Ain't that the truth. For my 2017 BMW/Mini you can check the oil level with the electronic display, but not manually. There is no dipstick. And you can't add oil yourself. Only the dealer can.

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Old 07-29-2019, 11:41 AM   #7
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Ain't that the truth. For my 2017 BMW/Mini you can check the oil level with the electronic display, but not manually. There is no dipstick. And you can't add oil yourself. Only the dealer can.

Big brother rules!!!

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I donít think it is that completely. I would guess that a lot of it is that a small percentage of complete idiots ruined it for everyone by not reading the manual, using epically wrong oil spec or doing things like filling the crankcase with coolant. We have all seen the YouTube videos done by mechanics. These foolish maneuvers cost the brand in both money and perceived brand value. It doesnít surprise me at all that manufacturers are taking some of the user maintenance away to keep a strong brand. Moreover, there are becoming fewer and fewer people (perhaps generational) that even want to do things like oil changes in their cars. When they balance time v. money, it can often just make more sense to let the dealer do it. They just donít have, or were never exposed to, the satisfaction and joy of these jobs.
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Old 07-29-2019, 12:06 PM   #8
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I really dislike the dealers that do not provide overhaul and diagnostic manuals and equipment to owner, and avoid them. Volvo is another one.



There's no reason a competent mechanic can't learn most everything about maintaining their engine, including major stuff. The owner can decide if it's cost effective for him to do it, or have someone do it under his supervision.



I like to have that option for all my mechanical stuff, planes, cars, boats, and any machinery.


Some things I can do better than a shop or dealer and some I can't. With some, I'll hire a mechanic to work under my supervision and often that's way more cost effective that a dealer that has high markups and overhead. So, it depends, but I could argue to have the option.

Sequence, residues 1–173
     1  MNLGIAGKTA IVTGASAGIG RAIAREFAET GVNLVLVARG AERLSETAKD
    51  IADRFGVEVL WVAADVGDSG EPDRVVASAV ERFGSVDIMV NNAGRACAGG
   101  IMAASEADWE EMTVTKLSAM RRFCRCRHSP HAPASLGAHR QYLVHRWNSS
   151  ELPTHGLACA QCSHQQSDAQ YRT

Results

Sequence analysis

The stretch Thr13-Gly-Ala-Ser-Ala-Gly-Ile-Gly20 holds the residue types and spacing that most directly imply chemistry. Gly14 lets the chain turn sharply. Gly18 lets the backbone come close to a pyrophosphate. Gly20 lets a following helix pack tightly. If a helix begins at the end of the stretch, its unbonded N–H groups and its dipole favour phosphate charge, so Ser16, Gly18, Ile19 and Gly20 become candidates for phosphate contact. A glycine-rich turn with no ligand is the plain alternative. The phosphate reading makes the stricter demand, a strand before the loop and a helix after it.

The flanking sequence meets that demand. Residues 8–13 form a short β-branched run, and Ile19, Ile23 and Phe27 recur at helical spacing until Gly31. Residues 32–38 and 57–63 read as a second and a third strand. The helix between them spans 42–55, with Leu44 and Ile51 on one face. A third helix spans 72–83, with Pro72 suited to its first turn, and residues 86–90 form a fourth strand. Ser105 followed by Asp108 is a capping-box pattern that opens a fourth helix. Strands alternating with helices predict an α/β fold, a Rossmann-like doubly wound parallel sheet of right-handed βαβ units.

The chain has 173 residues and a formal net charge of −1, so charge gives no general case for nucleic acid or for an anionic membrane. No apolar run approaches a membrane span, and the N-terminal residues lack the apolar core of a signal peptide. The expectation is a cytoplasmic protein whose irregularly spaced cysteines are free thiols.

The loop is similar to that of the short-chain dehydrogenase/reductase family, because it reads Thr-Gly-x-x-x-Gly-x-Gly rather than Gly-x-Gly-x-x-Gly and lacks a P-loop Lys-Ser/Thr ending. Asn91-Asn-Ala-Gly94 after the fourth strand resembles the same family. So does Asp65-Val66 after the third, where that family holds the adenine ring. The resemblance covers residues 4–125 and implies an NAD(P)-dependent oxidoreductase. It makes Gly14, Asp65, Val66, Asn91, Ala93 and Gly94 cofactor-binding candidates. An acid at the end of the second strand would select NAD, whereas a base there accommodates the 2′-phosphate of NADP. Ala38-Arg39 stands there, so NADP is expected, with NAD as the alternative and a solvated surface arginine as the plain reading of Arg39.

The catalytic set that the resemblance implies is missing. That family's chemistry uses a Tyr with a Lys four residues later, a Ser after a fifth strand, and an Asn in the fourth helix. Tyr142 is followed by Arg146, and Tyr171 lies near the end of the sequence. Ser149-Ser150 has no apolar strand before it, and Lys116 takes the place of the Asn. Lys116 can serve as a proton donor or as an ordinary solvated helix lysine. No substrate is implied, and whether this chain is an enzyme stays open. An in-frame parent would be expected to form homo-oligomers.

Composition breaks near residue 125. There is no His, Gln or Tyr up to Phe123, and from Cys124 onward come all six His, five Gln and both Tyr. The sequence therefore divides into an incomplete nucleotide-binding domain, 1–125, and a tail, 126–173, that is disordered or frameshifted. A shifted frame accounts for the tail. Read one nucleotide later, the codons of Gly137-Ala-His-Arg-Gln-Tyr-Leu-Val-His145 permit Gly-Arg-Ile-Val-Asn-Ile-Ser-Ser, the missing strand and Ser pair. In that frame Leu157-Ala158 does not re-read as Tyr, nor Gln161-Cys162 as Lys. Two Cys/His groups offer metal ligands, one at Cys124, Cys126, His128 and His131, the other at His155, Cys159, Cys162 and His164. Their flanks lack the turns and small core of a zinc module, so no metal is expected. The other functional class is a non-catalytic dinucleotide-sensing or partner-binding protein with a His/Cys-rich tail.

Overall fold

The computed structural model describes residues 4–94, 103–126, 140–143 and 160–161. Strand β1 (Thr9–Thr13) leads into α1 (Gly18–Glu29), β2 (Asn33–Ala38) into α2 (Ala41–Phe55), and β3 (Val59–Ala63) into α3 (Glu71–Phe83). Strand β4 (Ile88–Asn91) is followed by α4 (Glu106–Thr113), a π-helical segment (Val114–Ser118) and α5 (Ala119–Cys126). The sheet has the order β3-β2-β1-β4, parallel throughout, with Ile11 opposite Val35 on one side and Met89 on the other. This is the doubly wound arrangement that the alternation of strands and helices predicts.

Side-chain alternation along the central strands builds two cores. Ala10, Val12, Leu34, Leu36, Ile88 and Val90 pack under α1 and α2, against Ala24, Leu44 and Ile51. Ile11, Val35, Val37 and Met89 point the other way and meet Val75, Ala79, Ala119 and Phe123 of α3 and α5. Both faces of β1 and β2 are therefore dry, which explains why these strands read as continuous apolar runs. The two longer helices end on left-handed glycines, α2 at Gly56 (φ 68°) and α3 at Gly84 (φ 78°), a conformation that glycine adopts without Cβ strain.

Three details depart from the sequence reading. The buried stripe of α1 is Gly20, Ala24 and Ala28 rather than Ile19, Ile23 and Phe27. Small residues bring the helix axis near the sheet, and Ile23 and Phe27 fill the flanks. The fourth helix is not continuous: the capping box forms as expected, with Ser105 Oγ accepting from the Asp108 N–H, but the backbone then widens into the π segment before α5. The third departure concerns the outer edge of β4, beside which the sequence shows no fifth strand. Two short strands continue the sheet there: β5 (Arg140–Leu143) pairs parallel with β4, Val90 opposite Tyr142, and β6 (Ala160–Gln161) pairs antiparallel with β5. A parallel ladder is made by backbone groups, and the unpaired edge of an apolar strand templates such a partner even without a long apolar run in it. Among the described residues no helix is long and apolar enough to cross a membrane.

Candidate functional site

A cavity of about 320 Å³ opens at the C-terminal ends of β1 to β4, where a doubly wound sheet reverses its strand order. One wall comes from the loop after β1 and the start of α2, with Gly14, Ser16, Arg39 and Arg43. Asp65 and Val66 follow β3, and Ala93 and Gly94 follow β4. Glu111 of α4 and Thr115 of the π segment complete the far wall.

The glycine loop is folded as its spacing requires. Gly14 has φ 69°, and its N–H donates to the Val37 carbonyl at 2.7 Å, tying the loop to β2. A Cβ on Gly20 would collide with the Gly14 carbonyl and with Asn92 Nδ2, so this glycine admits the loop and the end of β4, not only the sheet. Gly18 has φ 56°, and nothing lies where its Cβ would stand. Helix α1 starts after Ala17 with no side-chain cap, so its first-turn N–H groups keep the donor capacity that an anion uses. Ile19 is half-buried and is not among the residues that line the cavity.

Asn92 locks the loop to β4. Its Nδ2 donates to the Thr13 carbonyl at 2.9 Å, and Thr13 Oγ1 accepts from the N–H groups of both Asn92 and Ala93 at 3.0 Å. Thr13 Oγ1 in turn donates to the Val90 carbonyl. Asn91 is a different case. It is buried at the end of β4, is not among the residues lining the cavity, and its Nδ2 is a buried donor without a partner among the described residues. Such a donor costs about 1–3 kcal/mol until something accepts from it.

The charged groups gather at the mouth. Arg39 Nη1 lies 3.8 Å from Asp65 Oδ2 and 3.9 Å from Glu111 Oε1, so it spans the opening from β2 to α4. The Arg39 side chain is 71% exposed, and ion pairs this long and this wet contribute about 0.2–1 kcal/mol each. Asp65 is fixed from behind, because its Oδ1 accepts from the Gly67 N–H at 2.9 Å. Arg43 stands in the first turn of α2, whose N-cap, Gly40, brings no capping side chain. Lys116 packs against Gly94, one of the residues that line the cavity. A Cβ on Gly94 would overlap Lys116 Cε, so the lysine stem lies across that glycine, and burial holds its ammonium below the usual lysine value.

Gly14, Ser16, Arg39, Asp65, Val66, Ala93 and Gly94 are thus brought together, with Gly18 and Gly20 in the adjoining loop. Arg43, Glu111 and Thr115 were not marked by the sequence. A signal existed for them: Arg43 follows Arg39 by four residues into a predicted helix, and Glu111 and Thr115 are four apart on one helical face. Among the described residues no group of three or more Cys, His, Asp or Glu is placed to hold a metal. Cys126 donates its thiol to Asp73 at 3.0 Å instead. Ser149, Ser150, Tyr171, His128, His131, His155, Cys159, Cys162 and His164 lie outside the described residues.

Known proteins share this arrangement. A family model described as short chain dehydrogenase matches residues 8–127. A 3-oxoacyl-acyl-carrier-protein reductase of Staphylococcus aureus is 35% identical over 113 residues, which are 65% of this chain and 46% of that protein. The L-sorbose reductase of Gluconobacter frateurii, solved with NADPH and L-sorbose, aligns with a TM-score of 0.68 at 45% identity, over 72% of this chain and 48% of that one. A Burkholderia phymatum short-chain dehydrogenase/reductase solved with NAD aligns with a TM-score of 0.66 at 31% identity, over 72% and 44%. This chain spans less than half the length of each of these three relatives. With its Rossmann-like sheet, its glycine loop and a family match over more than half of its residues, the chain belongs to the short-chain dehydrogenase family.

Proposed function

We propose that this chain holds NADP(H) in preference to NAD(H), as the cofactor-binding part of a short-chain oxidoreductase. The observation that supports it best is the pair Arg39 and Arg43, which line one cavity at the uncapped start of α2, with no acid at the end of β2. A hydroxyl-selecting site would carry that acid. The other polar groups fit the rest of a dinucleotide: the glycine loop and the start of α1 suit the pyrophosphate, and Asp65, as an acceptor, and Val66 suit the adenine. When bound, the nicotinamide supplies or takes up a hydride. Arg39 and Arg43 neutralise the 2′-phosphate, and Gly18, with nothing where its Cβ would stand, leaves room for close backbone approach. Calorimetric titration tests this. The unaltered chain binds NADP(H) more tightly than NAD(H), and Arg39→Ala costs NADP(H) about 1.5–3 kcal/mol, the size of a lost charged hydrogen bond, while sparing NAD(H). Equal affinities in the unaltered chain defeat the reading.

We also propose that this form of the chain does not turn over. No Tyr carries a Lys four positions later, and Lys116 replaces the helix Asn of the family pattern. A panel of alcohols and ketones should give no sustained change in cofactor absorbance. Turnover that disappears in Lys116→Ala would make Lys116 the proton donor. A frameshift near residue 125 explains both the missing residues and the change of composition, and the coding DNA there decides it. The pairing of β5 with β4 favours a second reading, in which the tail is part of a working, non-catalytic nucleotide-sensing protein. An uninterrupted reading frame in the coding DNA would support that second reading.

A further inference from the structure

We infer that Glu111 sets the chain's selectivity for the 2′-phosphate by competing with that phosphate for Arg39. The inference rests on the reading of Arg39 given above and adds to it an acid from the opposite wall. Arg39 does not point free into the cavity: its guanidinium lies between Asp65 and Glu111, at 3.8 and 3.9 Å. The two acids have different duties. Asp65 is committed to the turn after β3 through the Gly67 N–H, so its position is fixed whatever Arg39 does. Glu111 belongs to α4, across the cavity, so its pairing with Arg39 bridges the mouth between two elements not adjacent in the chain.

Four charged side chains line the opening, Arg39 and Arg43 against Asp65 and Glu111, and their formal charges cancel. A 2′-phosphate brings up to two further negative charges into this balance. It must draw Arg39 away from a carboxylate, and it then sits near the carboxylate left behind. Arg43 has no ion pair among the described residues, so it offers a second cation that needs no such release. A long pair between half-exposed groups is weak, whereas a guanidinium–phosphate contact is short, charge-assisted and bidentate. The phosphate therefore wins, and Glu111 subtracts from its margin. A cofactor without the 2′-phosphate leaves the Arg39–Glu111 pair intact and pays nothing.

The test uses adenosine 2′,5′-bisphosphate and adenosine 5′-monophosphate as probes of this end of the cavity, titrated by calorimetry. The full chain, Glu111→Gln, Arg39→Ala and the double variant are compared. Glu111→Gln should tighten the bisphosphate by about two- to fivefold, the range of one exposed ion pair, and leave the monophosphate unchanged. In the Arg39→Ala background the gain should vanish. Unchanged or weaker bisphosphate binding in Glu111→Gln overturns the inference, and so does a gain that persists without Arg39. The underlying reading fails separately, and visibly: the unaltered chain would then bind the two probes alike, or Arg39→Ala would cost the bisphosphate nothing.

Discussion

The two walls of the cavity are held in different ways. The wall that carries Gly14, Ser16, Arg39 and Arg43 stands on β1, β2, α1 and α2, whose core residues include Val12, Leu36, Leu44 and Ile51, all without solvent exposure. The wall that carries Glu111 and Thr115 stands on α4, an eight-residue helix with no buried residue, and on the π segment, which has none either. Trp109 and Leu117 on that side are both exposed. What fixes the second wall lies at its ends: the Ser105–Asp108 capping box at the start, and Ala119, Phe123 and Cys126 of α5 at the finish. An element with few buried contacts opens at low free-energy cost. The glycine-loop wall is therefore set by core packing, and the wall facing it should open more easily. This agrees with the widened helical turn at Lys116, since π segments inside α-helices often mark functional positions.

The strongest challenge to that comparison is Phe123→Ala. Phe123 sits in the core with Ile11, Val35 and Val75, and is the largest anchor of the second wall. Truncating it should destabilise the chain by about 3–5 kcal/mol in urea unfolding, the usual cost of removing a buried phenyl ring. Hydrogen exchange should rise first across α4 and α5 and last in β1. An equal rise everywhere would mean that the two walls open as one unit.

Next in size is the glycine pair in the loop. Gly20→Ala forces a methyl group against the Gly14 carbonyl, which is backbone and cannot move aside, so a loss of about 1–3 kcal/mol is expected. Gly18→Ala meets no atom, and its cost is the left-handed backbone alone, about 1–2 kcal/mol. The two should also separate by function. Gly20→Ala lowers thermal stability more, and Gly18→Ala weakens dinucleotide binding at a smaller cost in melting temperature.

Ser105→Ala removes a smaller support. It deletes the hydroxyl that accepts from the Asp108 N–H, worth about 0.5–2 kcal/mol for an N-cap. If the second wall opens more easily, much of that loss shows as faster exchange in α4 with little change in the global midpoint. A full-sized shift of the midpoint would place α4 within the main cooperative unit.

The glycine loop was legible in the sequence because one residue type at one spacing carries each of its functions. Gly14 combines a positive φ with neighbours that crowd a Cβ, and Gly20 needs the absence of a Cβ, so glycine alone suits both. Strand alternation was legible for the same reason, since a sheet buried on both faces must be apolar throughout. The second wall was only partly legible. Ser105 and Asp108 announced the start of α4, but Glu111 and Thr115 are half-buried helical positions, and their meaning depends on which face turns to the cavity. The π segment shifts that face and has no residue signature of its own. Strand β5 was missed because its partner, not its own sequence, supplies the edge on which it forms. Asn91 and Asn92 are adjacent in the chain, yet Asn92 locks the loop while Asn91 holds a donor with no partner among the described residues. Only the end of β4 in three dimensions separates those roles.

I really like the Yanmar and Cummins for a first choice.
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Old 07-29-2019, 12:52 PM   #9
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There is 3rd party diagnostic software for some engine brands. Usually engines also used on the road. I use one for my diesel pu that cost about $300. Less than the cost of one trip to the dealer.
But for marine, I stay with 100% mechanical engines. On the ocean, especially in remote locations, you need reliability. None of the electronic engines have that kind of reliability. They may work well for years until the components and wiring age. Then they're an expensive nightmare if they don't get you killed.
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Old 07-29-2019, 02:21 PM   #10
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I have never felt a need to hack into my engine software, but for those that do, you might find this interesting.
https://www.vice.com/en_us/article/x...inian-firmware
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Old 07-29-2019, 05:42 PM   #11
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My Deere 4045 is electronically controlled and you can read most of the fault codes on the engine display. The 2 problems I've had (ECU plug issue) ( throttle position potentiometer) were diagnosed though the display, 2,000 miles from my dealer. Happily both were resolved with guidance from the dealer, over the phone, no charge. You may not be able to diagnose everything through the display and fix it over the phone, but there is certainly a lot of issues you would be able to diagnose.